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The site you linked us to contains such absurities as:

The National Institutes of Health site says that people over 65 shouldn’t consume more than seven drinks in a week, and that they should have no more than three drinks on a given day.

The writers of that clearly have serious problems with the English language. The first underlined word should read 'morning', and the second 'hour'. Even with these corrections, the NIH people are a little draconian in their advice.

Remember, you sent all the puritans over here. (And we put them to work in professional hectoring.)
 

Amigos4

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The site you linked us to contains such absurities as:

The National Institutes of Health site says that people over 65 shouldn’t consume more than seven drinks in a week, and that they should have no more than three drinks on a given day.

The writers of that clearly have serious problems with the English language. The first underlined word should read 'morning', and the second 'hour'. Even with these corrections, the NIH people are a little draconian in their advice.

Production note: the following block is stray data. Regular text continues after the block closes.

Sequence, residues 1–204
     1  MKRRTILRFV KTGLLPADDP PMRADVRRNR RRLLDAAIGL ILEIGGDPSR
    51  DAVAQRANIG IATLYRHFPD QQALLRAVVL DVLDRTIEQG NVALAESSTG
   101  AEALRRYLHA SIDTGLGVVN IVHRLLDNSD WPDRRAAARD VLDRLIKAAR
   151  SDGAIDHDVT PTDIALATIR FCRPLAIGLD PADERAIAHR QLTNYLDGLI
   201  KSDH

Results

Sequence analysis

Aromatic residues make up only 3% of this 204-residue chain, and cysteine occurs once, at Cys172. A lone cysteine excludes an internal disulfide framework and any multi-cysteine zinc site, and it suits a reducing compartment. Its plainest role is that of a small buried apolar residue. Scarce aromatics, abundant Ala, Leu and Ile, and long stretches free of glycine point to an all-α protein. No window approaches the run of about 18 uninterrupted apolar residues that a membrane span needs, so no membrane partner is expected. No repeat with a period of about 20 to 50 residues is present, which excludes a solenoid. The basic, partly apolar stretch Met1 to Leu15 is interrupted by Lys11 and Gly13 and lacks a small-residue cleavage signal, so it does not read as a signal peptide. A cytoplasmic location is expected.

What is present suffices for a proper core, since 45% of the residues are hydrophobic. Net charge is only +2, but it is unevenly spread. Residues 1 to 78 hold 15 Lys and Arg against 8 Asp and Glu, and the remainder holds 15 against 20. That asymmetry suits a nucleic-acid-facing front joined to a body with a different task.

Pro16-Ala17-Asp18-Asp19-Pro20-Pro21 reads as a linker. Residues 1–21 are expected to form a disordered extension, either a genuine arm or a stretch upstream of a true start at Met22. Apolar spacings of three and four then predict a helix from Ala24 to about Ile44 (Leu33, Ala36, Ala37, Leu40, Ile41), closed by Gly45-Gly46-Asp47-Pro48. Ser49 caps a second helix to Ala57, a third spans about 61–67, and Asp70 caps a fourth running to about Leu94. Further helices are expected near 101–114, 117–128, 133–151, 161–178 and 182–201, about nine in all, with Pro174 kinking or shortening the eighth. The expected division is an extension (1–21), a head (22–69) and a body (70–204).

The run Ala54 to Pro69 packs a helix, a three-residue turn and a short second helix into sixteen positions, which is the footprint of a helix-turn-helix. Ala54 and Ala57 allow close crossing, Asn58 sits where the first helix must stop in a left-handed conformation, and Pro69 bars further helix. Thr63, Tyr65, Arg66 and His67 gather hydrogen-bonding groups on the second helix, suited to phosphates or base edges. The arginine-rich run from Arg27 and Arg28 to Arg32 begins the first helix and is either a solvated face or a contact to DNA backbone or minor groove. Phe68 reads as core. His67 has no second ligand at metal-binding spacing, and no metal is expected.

I'll drink to that! :up:
 

Veggie

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Maybe the asker just wondered the difference between "too" and "so"? Why discuss about whether drinking at an old age is possible or not, instead of saying if it is grammatically right or wrong? (Not logically, grammatically. Because the asker can think if it's ok to drink at an old age or not in her/his own language.)
 

5jj

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Maybe the asker just wondered the difference between "too" and "so"? Why discuss about whether drinking at an old age is possible or not, instead of saying if it is grammatically right or wrong? (Not logically, grammatically. Because the asker can think if it's ok to drink at an old age or not in her/his own language.)
Have you any more little doubts about the way we respond to questions?
 

TomUK

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Balderdash
Poppycock
Claptrap